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July 15, 2014: Lessons Learned: Abandoning Fear

Further defining moving forward – abandoning fear is a central issue for me, in regards to dealing with Raudi. Today we took yet another step in the right direction – we did a group trail ride on the home front and a lengthy lesson at Beth’s. I don’t know about my horse, but I am tired.

I by nature am a very anxious person. And quite often, anxiety translates to fear. I fear many things, including going to the dentist, flying in airplanes, and spelunking. Up, down, and in between, I’m happiest when my teeth don’t hurt and both feet are firmly on the ground.

These things, and others, like getting my hairs cut, translate to what I call the dreads. (I would have dreads but my hair is too fine.)

When I first started riding Raudi I was extremely fearful. Over time, I’ve challenged myself incrementally, taking on one small thing at a time, such as crossing big streams and riding down hills.

And I would be the first to admit that had a more confident and experienced rider purchased Raudi, she would be further along in her training. However, this summer we have been making up for lost time.

I’m not yet a fearless rider. But gosh, I’m getting closer to this seemingly unobtainable goal. Today I took a big step forward First there was the trail ride – Sarah who was here the day of the obstacle course/trail ride came and rode with Pete and me, as did Frank, who was riding Giff and ponying Katla, and Terri who owns Lifre and was riding Joe. And many dogs came along, most notably Rainbow, Ryder, Frank’s dogs Lucy and Sally, and Sarah’s dog Pete.

We all made our way in very Hobbit fashion to Grizzly Camp, then backtracked and did the Bench Loop, the downhill portion being Pete’s trail. It’s worth noting that I didn’t make excuses and bow out of doing this ride. I just hopped on my number one riding horse (Tinni is now Pete’s number one riding horse) and off we went. Raudi and I lead most of the way, going up and going down the hills. There was no getting behind Tinni and riding on his butt. Raudi and I were confident, cool, calm, and collected. It’s also worth noting that I had no qualms about riding with big horses, which by nature are generally more reactive. Joe is okay, but Sarah’s mare Spiffy (she said) could be a handful. She did seem to me to be jumping around some, but it wasn’t anything that in any way bothered Raudi or me.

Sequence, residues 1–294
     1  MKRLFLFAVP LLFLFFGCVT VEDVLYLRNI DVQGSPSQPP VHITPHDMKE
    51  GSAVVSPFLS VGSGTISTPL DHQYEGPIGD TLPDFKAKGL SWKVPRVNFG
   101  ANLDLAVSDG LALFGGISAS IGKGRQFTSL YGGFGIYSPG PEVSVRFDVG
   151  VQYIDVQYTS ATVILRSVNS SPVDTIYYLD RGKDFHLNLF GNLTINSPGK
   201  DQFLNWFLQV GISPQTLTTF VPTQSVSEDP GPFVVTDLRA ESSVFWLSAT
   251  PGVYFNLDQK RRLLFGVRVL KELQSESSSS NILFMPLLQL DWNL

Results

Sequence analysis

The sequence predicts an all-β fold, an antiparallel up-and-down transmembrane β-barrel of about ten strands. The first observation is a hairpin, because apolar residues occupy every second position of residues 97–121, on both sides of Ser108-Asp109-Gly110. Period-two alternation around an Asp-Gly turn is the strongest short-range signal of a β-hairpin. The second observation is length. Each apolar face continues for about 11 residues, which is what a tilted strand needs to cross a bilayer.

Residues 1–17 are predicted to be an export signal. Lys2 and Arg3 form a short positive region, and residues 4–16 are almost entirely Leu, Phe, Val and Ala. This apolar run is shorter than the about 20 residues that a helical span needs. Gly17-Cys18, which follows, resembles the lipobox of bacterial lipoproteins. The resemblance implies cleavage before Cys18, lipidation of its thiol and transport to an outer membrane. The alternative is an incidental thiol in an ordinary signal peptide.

As for lesson – I do still get a bit nervous about this, especially since the time in which Rosie bolted and got away from me. But I am not so nervous that I look for an out. This time was no exception. I began by walking her around (as usual) and then riding her. There was (this time) four other riders, two of them being a woman who rides a large palomino named Riley and her friend who rides a large tri-colored pinto named Stitches—because he’s always getting banged up. For a while it was business as usual – we trotted over ground poles and low jumps, and then a series of low jumps. There was a lengthy intermission because Hilary came off of Stitches when going over the ground poles. He jumped sideways, bucked, and dumped her.

When, finally, Hilary was back on Stitches, we resumed work, all of going over a six-jump serpentine course. Rosie was last. She refused the middle cross jump once, I think because she was tired. Beth suggested that I go around it, and come back in the direction of the other horses. This worked. She refused it a second time, going in the direction away from the other horses. I finally got her over the jump. I told her that I thought Rosie was tired -- Beth then wisely said to call it good.

So that was my day. There was a time in which my heart would have been in my throat, had I had a day like today. This wasn’t it. This is evidence that Rosie and I are moving forward in a huge way.

Next: 194. 7/16/14: A Year Later